Colourful rubbish washed ashore along 450 miles of England's coast turns into art

When artist Stuart Haygarth was commissioned to create a permanent artwork for the University College London Hospitals' new UCH Macmillan Cancer Centre in 2012, he decided to walk along more than 450 miles of England's coastline to collect manmade objects that had washed ashore and then arrange them into a giant, hanging installation for the new facility.

Speaking of his inspiration behind the artwork entitled Strand, Stuart explains: "At some point, cancer will affect most of us – either directly or indirectly through people we know. It has become one of our biggest fears. Dealing with the disease is both a mental and physical journey and throws the diagnosed into the unknown. Therefore, the starting point of the sculpture was a personal physical and mental journey. My practice generally revolves around collections of found objects, which tell a story."

Starting from where the River Thames meets the North Sea at Graves End to the furthest point on the south coast, which is Lands End – the objects he found on route showed fragments of people's lives. Balls of various sizes, old lighters, shoes, combs and children's toys were later categorised by colour and then brought together for the final piece.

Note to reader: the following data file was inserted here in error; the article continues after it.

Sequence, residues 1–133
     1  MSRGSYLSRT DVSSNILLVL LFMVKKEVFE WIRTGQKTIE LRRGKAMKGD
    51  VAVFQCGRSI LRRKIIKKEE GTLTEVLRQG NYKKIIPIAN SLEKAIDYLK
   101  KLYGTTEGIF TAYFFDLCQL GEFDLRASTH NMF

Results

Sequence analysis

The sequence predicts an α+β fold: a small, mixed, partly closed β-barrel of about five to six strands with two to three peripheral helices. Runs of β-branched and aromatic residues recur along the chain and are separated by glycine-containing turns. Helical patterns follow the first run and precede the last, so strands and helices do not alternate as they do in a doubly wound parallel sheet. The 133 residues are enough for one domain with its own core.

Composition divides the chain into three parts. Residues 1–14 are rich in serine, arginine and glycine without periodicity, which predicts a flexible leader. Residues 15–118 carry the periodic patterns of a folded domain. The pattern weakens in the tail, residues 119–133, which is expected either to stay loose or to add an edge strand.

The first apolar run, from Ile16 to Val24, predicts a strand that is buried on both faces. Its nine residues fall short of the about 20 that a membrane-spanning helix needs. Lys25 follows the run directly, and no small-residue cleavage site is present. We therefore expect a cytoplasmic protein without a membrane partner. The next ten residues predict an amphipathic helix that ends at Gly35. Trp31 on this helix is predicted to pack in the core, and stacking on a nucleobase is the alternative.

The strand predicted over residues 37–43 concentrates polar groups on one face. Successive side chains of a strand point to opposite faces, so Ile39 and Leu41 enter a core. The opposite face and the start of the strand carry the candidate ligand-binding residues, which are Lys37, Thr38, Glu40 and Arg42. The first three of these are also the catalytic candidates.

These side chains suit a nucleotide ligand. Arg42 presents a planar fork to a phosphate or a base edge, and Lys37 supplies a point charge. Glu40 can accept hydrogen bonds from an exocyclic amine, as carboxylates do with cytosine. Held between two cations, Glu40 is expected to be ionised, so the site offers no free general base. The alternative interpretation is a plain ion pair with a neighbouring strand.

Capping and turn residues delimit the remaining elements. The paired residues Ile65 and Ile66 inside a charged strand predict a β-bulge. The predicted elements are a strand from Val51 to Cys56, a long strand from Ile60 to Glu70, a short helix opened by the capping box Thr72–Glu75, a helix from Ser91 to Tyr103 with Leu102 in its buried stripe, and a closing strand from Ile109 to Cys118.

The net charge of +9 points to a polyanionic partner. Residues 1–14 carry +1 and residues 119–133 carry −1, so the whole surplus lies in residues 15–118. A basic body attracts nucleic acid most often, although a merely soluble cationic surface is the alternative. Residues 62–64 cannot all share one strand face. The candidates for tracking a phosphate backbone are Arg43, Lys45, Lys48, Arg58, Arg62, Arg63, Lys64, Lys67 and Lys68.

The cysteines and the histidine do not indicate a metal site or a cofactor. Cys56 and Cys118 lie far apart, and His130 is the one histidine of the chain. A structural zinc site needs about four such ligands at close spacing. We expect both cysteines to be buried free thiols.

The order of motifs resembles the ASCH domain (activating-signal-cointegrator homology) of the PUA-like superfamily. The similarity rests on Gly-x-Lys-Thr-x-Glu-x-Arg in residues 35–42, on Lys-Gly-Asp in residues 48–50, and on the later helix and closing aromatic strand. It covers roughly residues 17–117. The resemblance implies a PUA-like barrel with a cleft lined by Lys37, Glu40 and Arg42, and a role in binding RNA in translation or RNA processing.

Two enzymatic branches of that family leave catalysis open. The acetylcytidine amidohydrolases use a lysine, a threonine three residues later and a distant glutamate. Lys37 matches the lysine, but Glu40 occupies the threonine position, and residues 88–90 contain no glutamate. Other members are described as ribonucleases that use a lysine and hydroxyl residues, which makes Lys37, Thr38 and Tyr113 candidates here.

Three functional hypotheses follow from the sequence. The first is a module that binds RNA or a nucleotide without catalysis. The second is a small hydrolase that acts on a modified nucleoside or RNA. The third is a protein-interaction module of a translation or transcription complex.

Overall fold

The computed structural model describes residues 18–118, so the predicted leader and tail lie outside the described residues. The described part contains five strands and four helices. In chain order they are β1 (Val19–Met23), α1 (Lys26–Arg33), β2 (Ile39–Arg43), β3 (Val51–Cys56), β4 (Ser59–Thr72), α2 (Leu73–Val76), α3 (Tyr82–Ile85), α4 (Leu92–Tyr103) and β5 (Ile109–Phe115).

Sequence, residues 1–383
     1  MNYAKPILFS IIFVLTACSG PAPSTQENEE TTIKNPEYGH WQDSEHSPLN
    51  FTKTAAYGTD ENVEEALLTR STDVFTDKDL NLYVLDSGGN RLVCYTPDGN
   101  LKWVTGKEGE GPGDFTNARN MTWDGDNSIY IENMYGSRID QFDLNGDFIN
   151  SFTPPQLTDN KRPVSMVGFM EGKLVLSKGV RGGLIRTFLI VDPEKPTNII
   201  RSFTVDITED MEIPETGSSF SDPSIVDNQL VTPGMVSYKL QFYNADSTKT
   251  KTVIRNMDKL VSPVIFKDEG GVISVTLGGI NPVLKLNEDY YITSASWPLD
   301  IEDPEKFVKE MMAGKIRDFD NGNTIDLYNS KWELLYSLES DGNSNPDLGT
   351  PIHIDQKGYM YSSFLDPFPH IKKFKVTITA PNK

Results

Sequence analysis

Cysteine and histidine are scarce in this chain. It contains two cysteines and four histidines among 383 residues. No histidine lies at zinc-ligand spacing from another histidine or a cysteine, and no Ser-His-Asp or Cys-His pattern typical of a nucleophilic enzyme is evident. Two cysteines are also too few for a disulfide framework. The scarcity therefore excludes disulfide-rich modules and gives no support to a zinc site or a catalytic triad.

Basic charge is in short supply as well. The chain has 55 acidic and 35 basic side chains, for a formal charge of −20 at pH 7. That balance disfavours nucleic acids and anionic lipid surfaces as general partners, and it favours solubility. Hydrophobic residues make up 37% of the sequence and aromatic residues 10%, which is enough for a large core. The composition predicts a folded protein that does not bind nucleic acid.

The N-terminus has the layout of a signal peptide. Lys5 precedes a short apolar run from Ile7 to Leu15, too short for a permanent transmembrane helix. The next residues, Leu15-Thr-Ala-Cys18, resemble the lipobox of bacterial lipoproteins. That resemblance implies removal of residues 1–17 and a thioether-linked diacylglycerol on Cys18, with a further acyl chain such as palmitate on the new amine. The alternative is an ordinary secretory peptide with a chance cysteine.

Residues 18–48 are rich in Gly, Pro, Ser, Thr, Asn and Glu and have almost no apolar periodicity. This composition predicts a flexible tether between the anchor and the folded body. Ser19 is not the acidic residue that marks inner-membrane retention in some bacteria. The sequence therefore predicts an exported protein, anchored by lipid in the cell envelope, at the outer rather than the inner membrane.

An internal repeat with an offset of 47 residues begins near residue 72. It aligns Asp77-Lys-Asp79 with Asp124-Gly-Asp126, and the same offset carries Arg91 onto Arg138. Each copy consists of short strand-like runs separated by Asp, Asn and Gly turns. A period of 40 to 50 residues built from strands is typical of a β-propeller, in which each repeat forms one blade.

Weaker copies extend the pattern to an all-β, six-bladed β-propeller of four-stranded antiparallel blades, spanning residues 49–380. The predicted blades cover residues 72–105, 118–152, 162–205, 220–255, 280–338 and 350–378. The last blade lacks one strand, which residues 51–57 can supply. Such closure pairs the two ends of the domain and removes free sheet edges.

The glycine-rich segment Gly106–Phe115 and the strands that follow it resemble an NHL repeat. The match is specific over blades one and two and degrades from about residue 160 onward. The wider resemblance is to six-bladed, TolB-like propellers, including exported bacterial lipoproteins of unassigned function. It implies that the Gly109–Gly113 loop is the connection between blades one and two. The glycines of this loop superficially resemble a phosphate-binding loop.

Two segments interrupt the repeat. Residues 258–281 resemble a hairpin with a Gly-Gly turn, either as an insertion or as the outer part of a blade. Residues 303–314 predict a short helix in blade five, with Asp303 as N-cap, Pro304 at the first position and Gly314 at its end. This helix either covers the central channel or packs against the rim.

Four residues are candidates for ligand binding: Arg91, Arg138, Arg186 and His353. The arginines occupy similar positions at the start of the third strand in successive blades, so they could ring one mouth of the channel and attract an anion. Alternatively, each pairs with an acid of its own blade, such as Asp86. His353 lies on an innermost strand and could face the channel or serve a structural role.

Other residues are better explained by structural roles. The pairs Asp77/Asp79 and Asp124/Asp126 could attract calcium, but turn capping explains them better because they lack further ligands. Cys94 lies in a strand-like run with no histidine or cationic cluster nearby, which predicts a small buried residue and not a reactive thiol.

Stuart added: "I would imagine being diagnosed with cancer creates an explosion of emotions and might engender many mental and emotional reactions including confusion, a sense of chaos, yet also strength and determination.

"From the collected objects I created a visual explosion of colour and form, yet one that through the precise arrangement and installation of the objects also radiates calm and control. The objects at the core of the sculpture are white and gradually the objects turn to yellow, orange and red until the outer pieces are black. The mass of objects are suspended from a platform on a series of fine metal cables giving the impression that the explosion is frozen in time. The beautiful shock of ordered colour works in harmony with the neutral clean colours of the hospital interior."

All images courtesy of Stuart Haygarth